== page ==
Increased platelet count and leucocyte-platelet complex formation in acute symptomatic compared with asymptomatic severe carotid stenosis.


McCabe, DJ; Harrison, P; Mackie, IJ; Sidhu, PS; Purdy, G; Lawrie, AS; Watt, H; Machin, SJ; Brown, MM; (2005) Increased platelet count and leucocyte-platelet complex formation in acute symptomatic compared with asymptomatic severe carotid stenosis. Journal of neurology, neurosurgery, and psychiatry, 76 (9). pp. 1249-54. ISSN 0022-3050 DOI: 10.1136/jnnp.2004.051003

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Abstract

OBJECTIVE: The risk of stroke in patients with recently symptomatic carotid stenosis is considerably higher than in patients with asymptomatic stenosis. In the present study it was hypothesised that excessive platelet activation might partly contribute to this difference. METHODS: A full blood count was done and whole blood flow cytometry used to measure platelet surface expression of CD62P, CD63, and PAC1 binding and the percentage of leucocyte-platelet complexes in patients with acute (0-21 days, n = 19) and convalescent (79-365 days) symptomatic (n = 16) and asymptomatic (n = 16) severe (> or =70%) carotid stenosis. Most patients were treated with aspirin (37.5-300 mg daily) although alternative antithrombotic regimens were more commonly used in the symptomatic group. RESULTS: The mean platelet count was higher in patients with acute and convalescent symptomatic compared with asymptomatic carotid stenosis. There were no significant differences in the median percentage expression of CD62P and CD63, or PAC1 binding between the acute or convalescent symptomatic and asymptomatic patients. The median percentages of neutrophil-platelet (p = 0.004), monocyte-platelet (p = 0.046), and lymphocyte-platelet complexes (p = 0.02) were higher in acute symptomatic than in asymptomatic patients. In patients on aspirin monotherapy, the percentages of neutrophil-platelet and monocyte-platelet complexes (p = 0.03) were higher in acute symptomatic (n = 11) than asymptomatic patients (n = 14). In the convalescent phase, the median percentages of all leucocyte-platelet complexes in the symptomatic group dropped to levels similar to those found in the asymptomatic group. CONCLUSION: Increased platelet count and leucocyte-platelet complex formation may contribute to the early excess risk of stroke in patients with recently symptomatic carotid stenosis.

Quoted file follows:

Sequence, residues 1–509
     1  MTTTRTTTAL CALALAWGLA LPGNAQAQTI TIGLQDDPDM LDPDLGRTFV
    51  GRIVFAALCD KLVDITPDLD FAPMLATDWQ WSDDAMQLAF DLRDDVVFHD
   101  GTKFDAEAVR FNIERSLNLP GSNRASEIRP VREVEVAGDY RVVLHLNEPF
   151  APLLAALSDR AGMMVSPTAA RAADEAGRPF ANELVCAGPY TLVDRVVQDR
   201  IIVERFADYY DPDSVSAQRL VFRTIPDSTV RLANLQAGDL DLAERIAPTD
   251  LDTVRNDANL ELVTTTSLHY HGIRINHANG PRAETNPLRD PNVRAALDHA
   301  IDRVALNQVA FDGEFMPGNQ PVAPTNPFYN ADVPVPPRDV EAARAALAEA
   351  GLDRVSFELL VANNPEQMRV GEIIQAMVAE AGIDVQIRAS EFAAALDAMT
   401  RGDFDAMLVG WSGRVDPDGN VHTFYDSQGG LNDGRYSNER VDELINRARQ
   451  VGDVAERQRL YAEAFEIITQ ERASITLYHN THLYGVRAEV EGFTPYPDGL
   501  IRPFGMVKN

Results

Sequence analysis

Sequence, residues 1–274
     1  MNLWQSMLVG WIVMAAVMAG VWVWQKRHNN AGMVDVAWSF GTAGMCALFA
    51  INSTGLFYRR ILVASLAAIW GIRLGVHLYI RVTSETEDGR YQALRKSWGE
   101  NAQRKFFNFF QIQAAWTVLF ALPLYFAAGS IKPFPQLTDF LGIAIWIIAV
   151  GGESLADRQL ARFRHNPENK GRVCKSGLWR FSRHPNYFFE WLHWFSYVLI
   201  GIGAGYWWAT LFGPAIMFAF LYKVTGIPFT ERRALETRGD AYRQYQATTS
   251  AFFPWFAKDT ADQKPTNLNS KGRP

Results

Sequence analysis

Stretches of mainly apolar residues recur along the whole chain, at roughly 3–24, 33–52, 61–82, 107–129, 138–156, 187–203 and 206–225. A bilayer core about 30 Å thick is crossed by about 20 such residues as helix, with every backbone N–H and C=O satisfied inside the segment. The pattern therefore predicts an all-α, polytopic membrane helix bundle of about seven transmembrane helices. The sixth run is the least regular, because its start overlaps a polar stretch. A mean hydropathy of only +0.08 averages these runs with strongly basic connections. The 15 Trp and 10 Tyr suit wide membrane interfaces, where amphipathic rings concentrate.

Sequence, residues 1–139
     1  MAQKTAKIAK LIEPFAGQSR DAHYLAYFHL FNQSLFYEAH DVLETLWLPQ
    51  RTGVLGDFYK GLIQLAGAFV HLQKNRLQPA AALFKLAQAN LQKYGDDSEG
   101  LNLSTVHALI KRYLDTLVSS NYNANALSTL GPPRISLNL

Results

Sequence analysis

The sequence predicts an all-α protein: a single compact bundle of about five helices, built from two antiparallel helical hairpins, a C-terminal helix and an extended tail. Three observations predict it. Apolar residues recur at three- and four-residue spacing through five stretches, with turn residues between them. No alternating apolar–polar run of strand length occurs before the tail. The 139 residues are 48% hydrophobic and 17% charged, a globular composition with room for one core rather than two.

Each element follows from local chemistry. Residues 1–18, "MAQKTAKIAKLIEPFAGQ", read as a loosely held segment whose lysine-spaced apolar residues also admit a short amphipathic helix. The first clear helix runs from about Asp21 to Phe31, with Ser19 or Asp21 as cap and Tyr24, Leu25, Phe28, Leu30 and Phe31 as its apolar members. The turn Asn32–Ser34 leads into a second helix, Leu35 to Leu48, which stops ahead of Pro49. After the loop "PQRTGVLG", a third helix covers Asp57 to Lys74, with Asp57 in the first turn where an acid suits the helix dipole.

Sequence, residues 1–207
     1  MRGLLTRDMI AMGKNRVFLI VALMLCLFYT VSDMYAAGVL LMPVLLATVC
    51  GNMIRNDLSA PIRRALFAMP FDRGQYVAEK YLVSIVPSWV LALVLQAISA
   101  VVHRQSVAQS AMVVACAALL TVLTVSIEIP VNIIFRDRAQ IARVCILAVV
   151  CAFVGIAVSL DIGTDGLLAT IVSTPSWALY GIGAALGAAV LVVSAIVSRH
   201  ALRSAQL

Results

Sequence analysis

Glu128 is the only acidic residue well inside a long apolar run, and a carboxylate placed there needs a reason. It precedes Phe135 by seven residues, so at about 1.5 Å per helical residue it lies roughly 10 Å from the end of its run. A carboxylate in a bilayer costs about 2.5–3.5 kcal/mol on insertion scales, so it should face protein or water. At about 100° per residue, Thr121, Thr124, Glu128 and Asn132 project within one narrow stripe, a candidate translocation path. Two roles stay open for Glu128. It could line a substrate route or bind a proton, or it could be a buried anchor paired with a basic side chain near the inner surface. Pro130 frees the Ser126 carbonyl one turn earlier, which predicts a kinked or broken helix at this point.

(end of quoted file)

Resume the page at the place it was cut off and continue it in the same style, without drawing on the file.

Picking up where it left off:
Item Type: Article
Faculty and Department: Faculty of Epidemiology and Population Health > Dept of Medical Statistics
PubMed ID: 16107361
Web of Science ID: 231538100018
URI: http://researchonline.lshtm.ac.uk/id/eprint/12823

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